Increased time spent in front of a screen -- in the form of computers, cell phones and tablets -- might have contributed to a recent uptick in symptoms of depression and suicide-related behaviors and thoughts in American young people, especially girls.
In the first large scale randomized media experiment ever conducted, researchers found that if just three outlets write about a particular major national policy topic -- such as jobs, the environment, or immigration -- discussion of that topic across social media rose by more than 62 percent, and the balance of opinion in the national conversation could be swayed several percentage points based on that coverage.
Developing brains, sleep patterns, and even eyes make children uniquely vulnerable to the body-clock disrupting impact of electronics, a new paper in Pediatrics reports.
Neuropsychologists of the Ruhr-Universität Bochum let video gamers compete against non-gamers in a learning competition. During the test, the video gamers performed significantly better and showed an increased brain activity in the brain areas that are relevant for learning. Prof Dr Boris Suchan, Sabrina Schenk and Robert Lech report their findings in the journal Behavioural Brain Research.
A new imaging technique makes it possible to precisely digitize clear objects and their surroundings, an achievement that has eluded current state-of-the-art 3-D rendering methods.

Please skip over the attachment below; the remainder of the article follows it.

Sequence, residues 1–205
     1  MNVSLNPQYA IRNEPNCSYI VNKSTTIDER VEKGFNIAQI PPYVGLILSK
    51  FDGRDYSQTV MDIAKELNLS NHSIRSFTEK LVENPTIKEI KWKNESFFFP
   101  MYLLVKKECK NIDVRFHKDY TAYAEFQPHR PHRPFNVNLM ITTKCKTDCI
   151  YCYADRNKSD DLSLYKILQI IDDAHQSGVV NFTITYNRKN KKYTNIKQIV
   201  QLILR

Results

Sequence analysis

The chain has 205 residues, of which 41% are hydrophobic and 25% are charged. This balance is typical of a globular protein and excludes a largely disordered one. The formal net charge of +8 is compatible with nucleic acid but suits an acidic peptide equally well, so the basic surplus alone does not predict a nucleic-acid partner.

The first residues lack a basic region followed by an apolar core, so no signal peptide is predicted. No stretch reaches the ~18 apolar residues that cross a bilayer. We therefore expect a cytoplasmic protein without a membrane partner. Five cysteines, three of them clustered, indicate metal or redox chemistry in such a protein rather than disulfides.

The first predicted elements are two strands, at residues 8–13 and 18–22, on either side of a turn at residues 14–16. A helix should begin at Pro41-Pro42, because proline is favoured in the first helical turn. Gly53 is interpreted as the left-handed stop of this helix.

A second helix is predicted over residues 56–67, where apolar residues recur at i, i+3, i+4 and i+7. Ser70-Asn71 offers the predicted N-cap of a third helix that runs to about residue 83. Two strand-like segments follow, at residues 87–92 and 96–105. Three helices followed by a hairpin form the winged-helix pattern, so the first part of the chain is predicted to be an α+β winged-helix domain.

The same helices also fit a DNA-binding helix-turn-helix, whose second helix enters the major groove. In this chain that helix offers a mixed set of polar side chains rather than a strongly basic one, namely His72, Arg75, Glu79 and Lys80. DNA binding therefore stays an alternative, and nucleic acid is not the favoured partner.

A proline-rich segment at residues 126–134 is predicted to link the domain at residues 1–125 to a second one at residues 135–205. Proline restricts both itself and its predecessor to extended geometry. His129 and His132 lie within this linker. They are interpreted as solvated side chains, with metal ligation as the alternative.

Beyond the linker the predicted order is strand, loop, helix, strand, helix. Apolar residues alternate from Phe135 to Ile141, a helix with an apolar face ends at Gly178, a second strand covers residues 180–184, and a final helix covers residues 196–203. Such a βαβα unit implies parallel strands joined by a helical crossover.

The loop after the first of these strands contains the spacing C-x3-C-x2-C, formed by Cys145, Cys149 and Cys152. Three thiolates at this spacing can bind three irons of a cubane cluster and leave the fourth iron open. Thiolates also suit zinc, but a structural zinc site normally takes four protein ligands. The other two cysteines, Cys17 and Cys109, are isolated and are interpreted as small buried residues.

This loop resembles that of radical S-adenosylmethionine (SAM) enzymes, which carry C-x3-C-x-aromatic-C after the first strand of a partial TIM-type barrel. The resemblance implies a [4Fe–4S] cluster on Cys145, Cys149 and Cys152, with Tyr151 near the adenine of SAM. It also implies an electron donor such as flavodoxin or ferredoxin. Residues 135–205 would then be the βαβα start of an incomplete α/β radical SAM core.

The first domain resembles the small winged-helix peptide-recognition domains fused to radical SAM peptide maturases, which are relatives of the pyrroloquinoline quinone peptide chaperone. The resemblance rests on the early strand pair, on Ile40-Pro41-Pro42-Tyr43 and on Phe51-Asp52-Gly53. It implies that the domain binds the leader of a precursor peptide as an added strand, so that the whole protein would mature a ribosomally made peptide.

Most Americans say they get science news no more than a few times per month, and when they do, most get it by happenstance rather than intentionally, according to a new Pew Research Center study. About one-third (36 percent) of Americans say they get science news at least a few times per week, 30 percent typically seek it out and only 17 percent of Americans report doing both.
Journalists can help their readers form accurate views by "adjudicating" between opposing political claims in their articles, a new study shows.
Channel surfing voters who stumble across Fox News first in their cable news channel lineup are more likely to vote for a Republican presidential candidate, according to a new study from researchers at Emory University and Stanford University in the American Economic Review. Watching CNN or MSNBC, however, did not have a similar effect.
A new study of how accents change over differing periods of time demonstrates the limited impact of intense social interactions in isolated environments, and surprisingly large differences among people in how susceptible their accents are to change. The study 'The medium-term dynamics of accents on reality television,' by Morgan Sonderegger (McGill University), Max Bane (University of Chicago) and Peter Graff (University of Vienna) will be published in the September 2017 issue of the scholarly journal Language.
A team of researchers at the University of Missouri's Political Communication Institute have found evidence that social media engagement -- or social watching -- during last year's presidential debates produced beneficial effects for those engaged on Twitter while watching the debates on TV. In a pair of studies, communication experts have found that issue-based tweeting was directly related to greater knowledge acquisition, and social watching actually helps viewers solidify their beliefs around their chosen candidates.